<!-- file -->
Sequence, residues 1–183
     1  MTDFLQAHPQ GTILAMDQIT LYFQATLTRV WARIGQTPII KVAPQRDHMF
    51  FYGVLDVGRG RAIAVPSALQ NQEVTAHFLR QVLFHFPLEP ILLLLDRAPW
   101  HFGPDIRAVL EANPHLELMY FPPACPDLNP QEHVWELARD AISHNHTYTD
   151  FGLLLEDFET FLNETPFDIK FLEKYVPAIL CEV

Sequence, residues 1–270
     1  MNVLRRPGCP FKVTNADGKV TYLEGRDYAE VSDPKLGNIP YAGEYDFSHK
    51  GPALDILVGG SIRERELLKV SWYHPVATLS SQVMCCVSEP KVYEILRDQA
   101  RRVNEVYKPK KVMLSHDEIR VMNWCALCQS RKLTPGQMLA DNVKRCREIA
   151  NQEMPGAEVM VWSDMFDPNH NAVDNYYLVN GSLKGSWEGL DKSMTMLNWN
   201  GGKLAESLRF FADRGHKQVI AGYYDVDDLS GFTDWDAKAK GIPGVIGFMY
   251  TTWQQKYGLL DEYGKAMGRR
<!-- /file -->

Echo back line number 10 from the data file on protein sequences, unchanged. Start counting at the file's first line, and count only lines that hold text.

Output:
   151  NQEMPGAEVM VWSDMFDPNH NAVDNYYLVN GSLKGSWEGL DKSMTMLNWN